Hermes

331A1328-Edit.jpg.52bde6f00cb49339fb05c3aad048c5da.jpg

Thrace, Ainos
c. 280-200 BCE
Æ 18mm, 5.12g, 3h
Head of Hermes l., wearing laureate petasos.
R/ Kerykeion.
AMNG II 392; HGC 3.2, 1289

 

331A5197-Edit.jpg.e8b54da8afac861023a7a32678ff7d49.jpg

Lesbos. Eresos
circa 300-200 BCE
Æ 9 mm, 0,74 g
Head of Hermes to left, wearing petasos
Head of female right EPEΣI to left
Unpublished

331A1382-Edit.jpg.75ff72e24fa8dd12a3e52ab39a0db655.jpg

Lesbos, Eresos
3rd-2nd century BCE
AE 9 mm, 0.64 g, 12 h
Head of Hermes to left, wearing petasos.
Rev. ΕΡΕΣΙ Grain ear.
BMC -, cf. 3 (bee on reverse). HGC 6 -, cf. 880-1 (bee on reverse)

 

331A5211-Edit.jpg.d7e85a0e62cddfbc562b37d7d3d3de36.jpg

Ionia, Phokaia
Circa 350-300 BCE
Æ 5.52g, 18mm, 12h
Head of Hermes to left, wearing winged petasos fastened under chin
Forepart of griffin to left; [ΦΩ]KAEΩ[N] below.
BMC -, cf. 99-100; SNG von Aulock -; SNG Copenhagen -, cf. 1041-2. 

 

331A9321-Edit.jpg.60e78a7f99e033e1875c531e07ddd6f4.jpg

Arkadia. Pheneos
350-300 BCE
AE 13.26mm 2.13g
Obverse: Head of Hermes right wearing petasos
Reverse: Φ E, ram standing right, AP monogram before
BCD Peloponnesos 1614.2
Ex BCD Collection Purchased July 1976
Ex CNG

 

The thing that struck me is that, other than my Pheneos coin, everyone seems to have followed this system.

  • Artemis faces right
  • Hermes faces left

I'm not sure what to make of this. A check on ACSearch shows a number of coins that don't follow this, but keep in mind that I'm narrowing on 4th century bronze coinage. Two possibilities to explain the right facing Pheneos.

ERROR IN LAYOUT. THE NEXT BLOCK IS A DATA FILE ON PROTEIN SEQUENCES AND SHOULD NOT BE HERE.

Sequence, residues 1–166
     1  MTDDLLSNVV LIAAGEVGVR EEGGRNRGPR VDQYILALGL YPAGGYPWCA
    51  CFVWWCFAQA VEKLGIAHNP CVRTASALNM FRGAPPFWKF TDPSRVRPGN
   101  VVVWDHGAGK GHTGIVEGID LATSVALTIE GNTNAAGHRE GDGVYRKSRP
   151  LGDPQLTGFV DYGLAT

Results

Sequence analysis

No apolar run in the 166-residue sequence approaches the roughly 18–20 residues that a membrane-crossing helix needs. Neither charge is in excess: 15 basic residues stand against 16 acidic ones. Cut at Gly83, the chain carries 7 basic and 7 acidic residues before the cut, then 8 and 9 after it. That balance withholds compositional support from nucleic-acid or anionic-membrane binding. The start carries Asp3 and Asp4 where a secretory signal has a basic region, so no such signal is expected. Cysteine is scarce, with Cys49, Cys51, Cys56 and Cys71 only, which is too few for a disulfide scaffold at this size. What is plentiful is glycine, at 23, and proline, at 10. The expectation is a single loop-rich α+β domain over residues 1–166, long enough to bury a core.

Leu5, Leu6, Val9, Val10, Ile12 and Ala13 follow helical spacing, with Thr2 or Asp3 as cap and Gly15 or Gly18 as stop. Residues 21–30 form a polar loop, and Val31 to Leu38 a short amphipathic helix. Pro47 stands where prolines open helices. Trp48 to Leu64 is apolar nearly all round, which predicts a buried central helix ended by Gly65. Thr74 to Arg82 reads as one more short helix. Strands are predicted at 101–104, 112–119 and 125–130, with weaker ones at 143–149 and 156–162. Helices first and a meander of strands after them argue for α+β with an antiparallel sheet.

• Pheneos was in the Peloponnese, while Phokaia, Eresos, Ainos, and Zeleia are in Asia Minor
  • Pheneos may depict Artemis instead of Hermes. The attribution to Hermes is likely due to the slightly more masculine face and the fact that Pausanias said that they worshipped "Hermes more than any other" but the same other also mentioned that they regularly prayed to Artemis too.

What I believe a more likely reason is that, during this time, Artemis tended to face right and Hermes tended to face left, mainly to avoid confusion. Likely in places where there would be no confusion (such as a temple to either), I doubt this was followed. However, when faced with a prior coinage depicting Artemis, in order to clearly make sure everyone knew that his coins had Hermes (aka Nikagoras) and not Artemis, the simplest thing to do on a small bronze coin was to make the portrait face the other way.

What do you think?

  • Like 11
  • Clap 1
  • Thinking 1
Link to comment
Share on other sites

Probably of only slight value but may help with dating. I've only ever heard of Nikagoras because  he was a named follower and  supposed slave of a Syracuse "doctor" who knew and corresponded with Philip of Macedon. Doesn't mean  Nikagoras wasn't boss a little later.

The doctor was Menecrates, though he styled himself Zeus-Menecrates and he had a bunch of followers who were named after other divinities  including your chap!

 

  • Like 1
Link to comment
Share on other sites

Join the conversation

You can post now and register later. If you have an account, sign in now to post with your account.
Note: Your post will require moderator approval before it will be visible.

Guest
Reply to this topic...

×   Pasted as rich text.   Paste as plain text instead

  Only 75 emoji are allowed.

×   Your link has been automatically embedded.   Display as a link instead

×   Your previous content has been restored.   Clear editor

×   You cannot paste images directly. Upload or insert images from URL.

×
×
  • Create New...